The African Energy Leadership Centre (AELC) at Wits Business School has signed a three-year agreement with the African Energy Chamber (AEC) with the goal of advancing the growth and development of Africa’s energy sector, as well as championing access to power for all Africans, in order to eliminate energy poverty by 2030.
The agreement will, among other things, see the launch of an internship/fellowship program for Wits Business School students who want to advance their careers in the energy sector. The two parties will also work together on energy research projects, conferencing, and speaking engagements.
“We are thrilled to have the opportunity to collaborate with the AEC.” “This is a true meeting of minds because we share a vision of building industry knowledge, capacity, and skills in African energy in order for the industry to reach its full potential,” said AELC Director Professor Lwazi Ngubevana.
The AELC was established in 2017 and is Africa’s first center of its kind to offer postgraduate programs in Energy Leadership. It has also established itself as a hub for new research and a forum for solution-oriented discussion among the sector’s various stakeholders.
The AEC is a non-profit organization that advocates for the abolition of energy poverty in Africa by 2030 through increased energy investment across the entire continent and the energy value chain. To that end, the AEC collaborates with organizations, local businesses, governments, and global players to promote the growth of the African energy sector, which will thrive in free markets and provide job opportunities for communities. Its primary goals are to increase investment, industry knowledge, training and capacity building, and networking.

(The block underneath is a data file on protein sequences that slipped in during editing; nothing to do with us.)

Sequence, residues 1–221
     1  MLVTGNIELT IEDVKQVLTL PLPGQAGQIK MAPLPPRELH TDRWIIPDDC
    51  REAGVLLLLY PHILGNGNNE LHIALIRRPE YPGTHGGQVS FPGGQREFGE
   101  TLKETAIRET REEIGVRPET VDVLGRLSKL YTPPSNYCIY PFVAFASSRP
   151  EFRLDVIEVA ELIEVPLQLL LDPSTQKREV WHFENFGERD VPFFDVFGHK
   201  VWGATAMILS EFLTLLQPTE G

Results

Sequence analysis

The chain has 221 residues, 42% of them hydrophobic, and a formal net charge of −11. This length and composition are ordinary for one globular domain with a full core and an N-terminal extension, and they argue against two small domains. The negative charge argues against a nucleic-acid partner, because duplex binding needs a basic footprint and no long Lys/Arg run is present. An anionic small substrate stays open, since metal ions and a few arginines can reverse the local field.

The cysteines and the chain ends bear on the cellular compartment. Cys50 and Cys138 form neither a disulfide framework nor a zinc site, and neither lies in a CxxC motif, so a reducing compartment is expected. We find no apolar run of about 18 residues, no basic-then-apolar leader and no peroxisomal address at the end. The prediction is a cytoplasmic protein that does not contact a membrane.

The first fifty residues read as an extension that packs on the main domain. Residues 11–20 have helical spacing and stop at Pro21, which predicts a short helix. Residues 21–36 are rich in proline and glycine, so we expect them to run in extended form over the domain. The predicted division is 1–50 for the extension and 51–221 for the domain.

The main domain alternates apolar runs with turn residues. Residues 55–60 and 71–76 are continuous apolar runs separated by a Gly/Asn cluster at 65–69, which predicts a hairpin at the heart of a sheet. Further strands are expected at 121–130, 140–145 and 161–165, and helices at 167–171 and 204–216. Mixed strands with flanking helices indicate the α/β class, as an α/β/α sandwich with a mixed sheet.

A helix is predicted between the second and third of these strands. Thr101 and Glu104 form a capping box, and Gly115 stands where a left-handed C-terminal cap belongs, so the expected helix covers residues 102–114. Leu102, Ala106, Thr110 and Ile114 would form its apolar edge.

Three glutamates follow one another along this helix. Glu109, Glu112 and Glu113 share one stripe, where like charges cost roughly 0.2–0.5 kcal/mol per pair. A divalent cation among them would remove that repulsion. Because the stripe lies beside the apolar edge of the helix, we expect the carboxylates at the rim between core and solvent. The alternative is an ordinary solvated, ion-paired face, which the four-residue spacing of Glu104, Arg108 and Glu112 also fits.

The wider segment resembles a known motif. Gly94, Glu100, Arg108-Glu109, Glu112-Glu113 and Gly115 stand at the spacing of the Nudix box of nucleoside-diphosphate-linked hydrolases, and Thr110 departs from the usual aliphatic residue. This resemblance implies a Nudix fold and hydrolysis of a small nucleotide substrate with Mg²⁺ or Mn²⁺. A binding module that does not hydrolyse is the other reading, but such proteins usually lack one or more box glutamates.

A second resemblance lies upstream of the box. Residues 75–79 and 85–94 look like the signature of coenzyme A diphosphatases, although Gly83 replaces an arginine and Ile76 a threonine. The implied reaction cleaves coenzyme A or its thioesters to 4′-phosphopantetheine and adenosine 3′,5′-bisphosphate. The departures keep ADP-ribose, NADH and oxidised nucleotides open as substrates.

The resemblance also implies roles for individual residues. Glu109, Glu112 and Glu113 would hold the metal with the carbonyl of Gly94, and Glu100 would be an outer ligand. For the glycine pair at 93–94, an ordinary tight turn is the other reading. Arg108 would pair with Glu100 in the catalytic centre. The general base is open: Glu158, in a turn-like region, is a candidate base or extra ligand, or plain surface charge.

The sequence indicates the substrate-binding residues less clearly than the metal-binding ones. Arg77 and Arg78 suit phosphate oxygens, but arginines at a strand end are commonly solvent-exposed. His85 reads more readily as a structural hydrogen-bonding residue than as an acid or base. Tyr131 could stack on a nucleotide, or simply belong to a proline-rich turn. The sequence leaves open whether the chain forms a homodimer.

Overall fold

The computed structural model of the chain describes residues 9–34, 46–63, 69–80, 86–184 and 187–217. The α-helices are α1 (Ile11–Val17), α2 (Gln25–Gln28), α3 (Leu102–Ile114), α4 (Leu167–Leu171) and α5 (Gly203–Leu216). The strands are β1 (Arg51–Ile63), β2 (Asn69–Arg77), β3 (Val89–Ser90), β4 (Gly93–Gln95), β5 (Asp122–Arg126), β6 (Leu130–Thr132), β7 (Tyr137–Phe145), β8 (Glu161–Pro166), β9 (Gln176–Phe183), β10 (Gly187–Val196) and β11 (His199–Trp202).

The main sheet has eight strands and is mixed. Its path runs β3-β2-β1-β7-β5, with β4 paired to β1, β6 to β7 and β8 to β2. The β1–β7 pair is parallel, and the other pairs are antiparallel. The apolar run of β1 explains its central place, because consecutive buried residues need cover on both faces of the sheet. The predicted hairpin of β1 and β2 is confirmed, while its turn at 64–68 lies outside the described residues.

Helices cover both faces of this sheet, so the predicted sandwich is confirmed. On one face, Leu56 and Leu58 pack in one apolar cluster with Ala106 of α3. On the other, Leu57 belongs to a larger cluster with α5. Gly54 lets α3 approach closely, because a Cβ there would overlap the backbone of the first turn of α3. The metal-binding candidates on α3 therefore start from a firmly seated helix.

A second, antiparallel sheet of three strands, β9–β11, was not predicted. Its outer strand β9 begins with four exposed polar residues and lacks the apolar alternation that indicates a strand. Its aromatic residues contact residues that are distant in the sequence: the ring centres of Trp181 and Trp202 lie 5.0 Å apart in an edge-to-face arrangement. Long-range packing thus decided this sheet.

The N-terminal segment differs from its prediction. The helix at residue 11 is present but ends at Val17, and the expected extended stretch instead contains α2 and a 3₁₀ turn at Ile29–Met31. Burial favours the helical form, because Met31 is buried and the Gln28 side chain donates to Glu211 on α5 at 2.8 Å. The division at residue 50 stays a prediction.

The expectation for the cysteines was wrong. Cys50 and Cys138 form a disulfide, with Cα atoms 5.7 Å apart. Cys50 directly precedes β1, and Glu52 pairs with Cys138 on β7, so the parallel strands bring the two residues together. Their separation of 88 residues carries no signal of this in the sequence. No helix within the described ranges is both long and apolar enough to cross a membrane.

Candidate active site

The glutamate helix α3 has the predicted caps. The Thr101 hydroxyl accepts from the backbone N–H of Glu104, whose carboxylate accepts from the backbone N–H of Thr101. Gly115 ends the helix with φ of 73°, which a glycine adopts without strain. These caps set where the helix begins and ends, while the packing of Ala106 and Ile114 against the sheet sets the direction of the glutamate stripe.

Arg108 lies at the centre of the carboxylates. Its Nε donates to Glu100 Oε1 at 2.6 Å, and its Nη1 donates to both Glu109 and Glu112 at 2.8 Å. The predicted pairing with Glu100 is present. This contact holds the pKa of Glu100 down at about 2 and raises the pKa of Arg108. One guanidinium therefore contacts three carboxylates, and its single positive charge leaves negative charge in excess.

Senior Vice President of the AEC, Mr. Verner Ayukegba, said: “As the voice of energy in Africa, the Chamber collaborates with key industry stakeholders across the continent in order to drive the industry forward. Critical to our mandate is to build capacity across Africa’s energy sector through training, research, and knowledge-sharing. Our partnership agreement with Wits, one of Africa’s most prestigious universities, will go a long way to ensuring the optimal growth of the industry through much-needed research and skills development.”
He further noted that over 600 million Africans have no access to power and 900 million have no access to clean cooking fuels, most of whom are women and children. “It is imperative that we focus on increasing access to power in Africa to ensure that many more citizens of this continent are able to benefit from improved health care delivery, improved employment opportunities, adequate nutrition, and much more, all of which are dependent on power being available in reliable and affordable quantities.”
For Professor Maurice Radebe, Head and Director of WBS and former energy executive, the partnership between the AELC and AEC couldn’t have come at a better time.
“The future of our continent rests, to a large extent, on how we manage the energy sector. We are on a strong growth trajectory in Africa, but this growth has to be carefully managed. Joining forces with the African Energy Chamber in developing leadership skills and collaborating on research is a significant step towards solving our energy crisis and ultimately eliminating the scourge of energy poverty in Africa.”